Keeping that $35/ounce peg was tricky – the price of gold on the private market often exceeded that. In 1961, eight nations decided to pool their gold reserves to defend the $35/ounce gold peg and stop the price rising – the Gold Pool was born. The US allocated 120 tonnes to the pool, half the total. Germany supplied 27 tonnes. The United Kingdom, France, and Italy each provided 22 tonnes. Belgium, the Netherlands, and Switzerland each put in 9 tonnes.

Inflation of the money supply in the US, partly to fund the Vietnam War, led the US by 1965 to lose a cumulative $3 billion from supporting the London Gold Pool. France was repatriating US dollars to America to obtain physical gold. In 1967, France withdrew from the Pool. When the UK devalued the pound by 14.3% on 18 November 1967 the run on physical gold reserves in the London Gold Pool accelerated.

The Gold Pool fell apart as the widening US deficit meant increased speculation against the Dollar; central banks became increasingly reluctant to accept Dollars in settlement. The US government continued to ramp up inflation of the money supply, leading West Germany to withdraw from the Bretton Woods system in May 1971 and Switzerland and France to do so in August 1971. So many US dollars were being repatriated to the US Treasury that gold reserves fell to their lowest levels since 1938. The value of the US dollar was falling even faster against other currencies.

In August 1971, President Richard Nixon announced to the nation the “temporary” suspension (which became permanent) of the Dollar’s convertibility into gold. It was the end of the Bretton Woods system; by March 1973 all the major currencies started to float against each other. An era of fixed exchange rates, of financial certainty… of international cooperation, was over.

This isn’t 1944

There may be parallels with the lead up to 1944 – the appeasement of a vicious bully, the drift into war, the slaughter of innocents, all come to mind. There is one especially alarming similarity with 1944.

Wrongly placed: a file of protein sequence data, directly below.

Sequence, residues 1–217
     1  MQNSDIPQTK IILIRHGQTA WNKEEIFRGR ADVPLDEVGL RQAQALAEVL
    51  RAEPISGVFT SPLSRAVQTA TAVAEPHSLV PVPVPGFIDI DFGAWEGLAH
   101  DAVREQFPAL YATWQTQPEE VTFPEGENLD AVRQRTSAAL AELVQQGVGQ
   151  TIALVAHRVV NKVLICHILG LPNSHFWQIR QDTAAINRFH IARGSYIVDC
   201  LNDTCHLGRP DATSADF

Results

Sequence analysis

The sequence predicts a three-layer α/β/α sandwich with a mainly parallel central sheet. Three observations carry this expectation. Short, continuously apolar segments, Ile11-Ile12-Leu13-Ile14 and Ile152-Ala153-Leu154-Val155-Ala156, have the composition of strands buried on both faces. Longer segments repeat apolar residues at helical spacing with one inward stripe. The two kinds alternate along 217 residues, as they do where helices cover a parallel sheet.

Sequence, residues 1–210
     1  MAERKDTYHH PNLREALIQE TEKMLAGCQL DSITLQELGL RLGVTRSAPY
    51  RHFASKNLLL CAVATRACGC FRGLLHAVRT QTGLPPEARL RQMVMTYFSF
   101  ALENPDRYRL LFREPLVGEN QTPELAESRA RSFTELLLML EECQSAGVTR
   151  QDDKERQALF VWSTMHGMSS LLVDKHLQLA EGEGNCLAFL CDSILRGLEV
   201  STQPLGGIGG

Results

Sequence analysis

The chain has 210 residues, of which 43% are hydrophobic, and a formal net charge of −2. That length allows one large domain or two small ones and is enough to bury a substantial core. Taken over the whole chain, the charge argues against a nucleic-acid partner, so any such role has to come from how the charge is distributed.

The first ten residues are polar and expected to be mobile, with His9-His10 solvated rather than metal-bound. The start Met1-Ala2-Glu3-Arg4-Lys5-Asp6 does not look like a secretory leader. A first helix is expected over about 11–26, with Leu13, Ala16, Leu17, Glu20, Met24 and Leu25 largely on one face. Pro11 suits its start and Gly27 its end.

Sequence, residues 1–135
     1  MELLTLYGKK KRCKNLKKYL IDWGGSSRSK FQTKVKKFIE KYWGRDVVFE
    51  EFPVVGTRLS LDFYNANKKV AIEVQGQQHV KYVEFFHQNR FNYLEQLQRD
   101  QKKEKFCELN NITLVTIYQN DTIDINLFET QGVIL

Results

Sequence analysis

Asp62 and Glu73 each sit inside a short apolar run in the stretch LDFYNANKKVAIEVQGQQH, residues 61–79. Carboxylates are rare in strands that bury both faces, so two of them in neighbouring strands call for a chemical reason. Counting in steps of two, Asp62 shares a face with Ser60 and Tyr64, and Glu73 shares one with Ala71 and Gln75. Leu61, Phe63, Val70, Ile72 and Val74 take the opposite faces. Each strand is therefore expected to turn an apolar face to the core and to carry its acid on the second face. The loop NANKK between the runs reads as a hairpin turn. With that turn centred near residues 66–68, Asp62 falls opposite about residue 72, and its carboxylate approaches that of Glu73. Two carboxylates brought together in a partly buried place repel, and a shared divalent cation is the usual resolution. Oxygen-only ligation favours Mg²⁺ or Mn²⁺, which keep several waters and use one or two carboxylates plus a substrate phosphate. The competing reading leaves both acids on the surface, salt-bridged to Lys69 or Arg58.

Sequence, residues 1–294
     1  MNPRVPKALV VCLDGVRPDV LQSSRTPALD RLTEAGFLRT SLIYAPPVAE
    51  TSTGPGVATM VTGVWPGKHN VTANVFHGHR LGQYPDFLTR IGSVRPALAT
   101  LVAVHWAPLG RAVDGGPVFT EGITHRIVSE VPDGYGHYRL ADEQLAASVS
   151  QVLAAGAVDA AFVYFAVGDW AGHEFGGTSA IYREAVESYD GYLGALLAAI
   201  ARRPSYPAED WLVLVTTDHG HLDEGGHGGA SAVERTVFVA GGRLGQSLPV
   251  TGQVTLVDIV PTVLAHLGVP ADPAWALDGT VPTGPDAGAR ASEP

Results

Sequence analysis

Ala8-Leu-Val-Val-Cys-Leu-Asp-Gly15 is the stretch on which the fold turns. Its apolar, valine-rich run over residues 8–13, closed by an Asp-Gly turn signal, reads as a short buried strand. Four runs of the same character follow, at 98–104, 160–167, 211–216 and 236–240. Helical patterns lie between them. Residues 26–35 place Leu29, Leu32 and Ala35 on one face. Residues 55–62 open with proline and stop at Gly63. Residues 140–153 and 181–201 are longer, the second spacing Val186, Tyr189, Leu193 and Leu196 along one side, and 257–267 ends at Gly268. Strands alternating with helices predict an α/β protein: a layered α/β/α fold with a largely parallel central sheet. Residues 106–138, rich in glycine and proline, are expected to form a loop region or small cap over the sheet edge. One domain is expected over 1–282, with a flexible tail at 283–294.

Then there were voices who wanted to reduce Germany to one large farm, believing that would prevent it from rising again. Stalin wanted to see 50,000 alleged National Socialists executed. Fortunately those policy mistakes, which would have thrown grit into the post-war world, didn’t happen. Yet the US Secretary of Defense, Lloyd Austin, now says that US policy is to see Russia’s military capabilities “weakened to the degree that it can’t do the kinds of things that it has done in invading Ukraine”. It’s unthinkable that Russia will ever knuckle under to that, much as the West might yearn for it. Painting enemies into corners is never sensible.

But this isn’t 1944 and any hope of re-building the kind of international co-operation that resulted in Bretton Woods is just a humpty-dumpty fantasy; he fell off a wall, became broken, and all the king’s horses and king’s men couldn’t put him together again. Currencies – the US Dollar especially – has been weaponised and weakened by the imposition (necessary no doubt) of sanctions against one nation that clearly isn’t interested in international co-operation. Countries unhappy with the US hegemony of money and power are scratching their head trying to find ways of transacting and storing value that circumvent the currencies and financial markets of the US and its allies. The digitisation of value via cryptocurrencies, the growth of stablecoins, the development of Central Bank Digital Currencies, makes the creation of a Bretton Woods mark 2.0 so much more complicated, as does the spread of ownership of gold.

Martin Wolf, the Financial Times chief economics commentator, wrote a recent column speculating what might replace “today’s globalised national currencies”. He thought there might be four candidates: “private currencies (such as bitcoin); commodity money (such as gold); a global fiat currency (such as the IMF’s special drawing rights); or another national currency, most obviously China’s”.

China’s Yuan doesn’t hack it for Wolf because “China’s financial system is relatively undeveloped, its currency is not fully convertible and the country lacks a true rule of law… While holders of the dollar and other leading western currencies might fear sanctions, they must surely be aware of what the Chinese government might do to them, should they displease it”.

As for gold, which for centuries has been used as a universal medium of exchange, Wolf dismissed it because it is “hopeless in making transactions”. He’s clearly never encountered Glint, which has made transactions in gold as simple as falling off a wall.

At Glint, we make every effort to demonstrate a balanced conversation between gold, crypto and fiat currencies when it comes to purchasing power and, while we strongly believe that gold is the fairest and most reliable currency on the planet, we need to point out that it isn’t 100% risk free. While we have seen a steady increase over time, the value of gold can fall, which means that its purchasing power can also decline.